Blaszak v. Colvin
DECISION AND ORDER denying 7 Plaintiff's Motion for Judgment on the Pleadings; granting 10 Commissioner's Motion for Judgment on the Pleadings. (Clerk to close case.) Signed by Hon. Michael A. Telesca on 3/8/17. (JMC)-CLERK TO FOLLOW UP-
UNITED STATES DISTRICT COURT
WESTERN DISTRICT OF NEW YORK
No. 1:15-CV-00365 (MAT)
DECISION AND ORDER
CAROLYN W. COLVIN, ACTING
COMMISSIONER OF SOCIAL SECURITY,
Represented by counsel, Amber Blaszak (“plaintiff”) brings
this action pursuant to Title XVI of the Social Security Act (“the
Act”), seeking review of the final decision of the Commissioner of
Social Security (“the Commissioner”) denying her application for
supplemental security income (“SSI”). The Court has jurisdiction
over this matter pursuant to 42 U.S.C. § 405(g). Presently before
the Court are the parties’ cross-motions for judgment on the
pleadings pursuant to Rule 12(c) of the Federal Rules of Civil
Procedure. For the reasons discussed below, the Commissioner’s
motion is granted.
The record reveals that in November 2012, plaintiff (d/o/b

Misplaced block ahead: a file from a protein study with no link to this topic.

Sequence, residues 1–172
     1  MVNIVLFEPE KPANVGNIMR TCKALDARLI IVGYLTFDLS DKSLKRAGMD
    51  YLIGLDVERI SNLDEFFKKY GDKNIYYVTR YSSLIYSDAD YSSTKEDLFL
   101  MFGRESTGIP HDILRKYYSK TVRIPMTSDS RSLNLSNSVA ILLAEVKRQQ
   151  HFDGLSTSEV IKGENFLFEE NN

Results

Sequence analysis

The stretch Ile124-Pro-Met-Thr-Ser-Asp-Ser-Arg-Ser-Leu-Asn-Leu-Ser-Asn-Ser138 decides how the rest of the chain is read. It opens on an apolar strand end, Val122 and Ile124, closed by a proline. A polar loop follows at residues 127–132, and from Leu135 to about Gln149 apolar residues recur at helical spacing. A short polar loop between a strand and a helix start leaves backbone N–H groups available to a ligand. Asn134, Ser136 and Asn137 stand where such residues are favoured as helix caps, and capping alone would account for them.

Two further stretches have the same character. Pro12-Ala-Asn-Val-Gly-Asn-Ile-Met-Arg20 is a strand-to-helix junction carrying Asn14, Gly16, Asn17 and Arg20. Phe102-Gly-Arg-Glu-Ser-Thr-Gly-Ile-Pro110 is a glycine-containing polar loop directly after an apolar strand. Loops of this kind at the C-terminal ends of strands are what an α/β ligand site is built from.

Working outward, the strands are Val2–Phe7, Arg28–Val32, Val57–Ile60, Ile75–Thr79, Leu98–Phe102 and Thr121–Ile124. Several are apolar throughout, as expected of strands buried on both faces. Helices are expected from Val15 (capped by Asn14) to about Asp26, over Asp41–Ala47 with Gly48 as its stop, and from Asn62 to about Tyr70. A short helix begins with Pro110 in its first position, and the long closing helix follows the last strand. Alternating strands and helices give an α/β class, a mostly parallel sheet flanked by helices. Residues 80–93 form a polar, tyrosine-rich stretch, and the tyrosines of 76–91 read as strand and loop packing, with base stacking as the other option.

January 23, 1983) applied for SSI, alleging disability as of
December 26, 2011. After her application was denied, plaintiff
requested a hearing, which was held before administrative law judge
Timothy J. Trost (“the ALJ”) on October 16, 2014. The ALJ issued an
unfavorable decision on December 18, 2014. The Appeals Council
III. The ALJ’s Decision
At step one of the five-step sequential evaluation process,
see 20 C.F.R. § 404.1520, the ALJ determined that plaintiff had not
engaged in substantial gainful activity since November 28, 2012,
the application date. At step two, the ALJ found that plaintiff
suffered from the severe impairment of “unspecified myalgias.”
T. 16. At step three, the ALJ found that plaintiff did not have an
impairment or combination of impairments that met or medically
equaled a listed impairment.
Before proceeding to step four, the ALJ determined that,
considering all of plaintiff’s impairments, plaintiff retained the
residual functional capacity (“RFC”) to perform the full range of
sedentary work as defined in 20 C.F.R. § 416.967(a). At step four,
the ALJ found that plaintiff had no past relevant work. At step
education, work experience, and RFC, jobs existed in significant
numbers in the national economy which plaintiff could perform.
Accordingly, the ALJ found that plaintiff was not disabled.
determination that a claimant is not disabled only if the factual
findings are not supported by “substantial evidence” or if the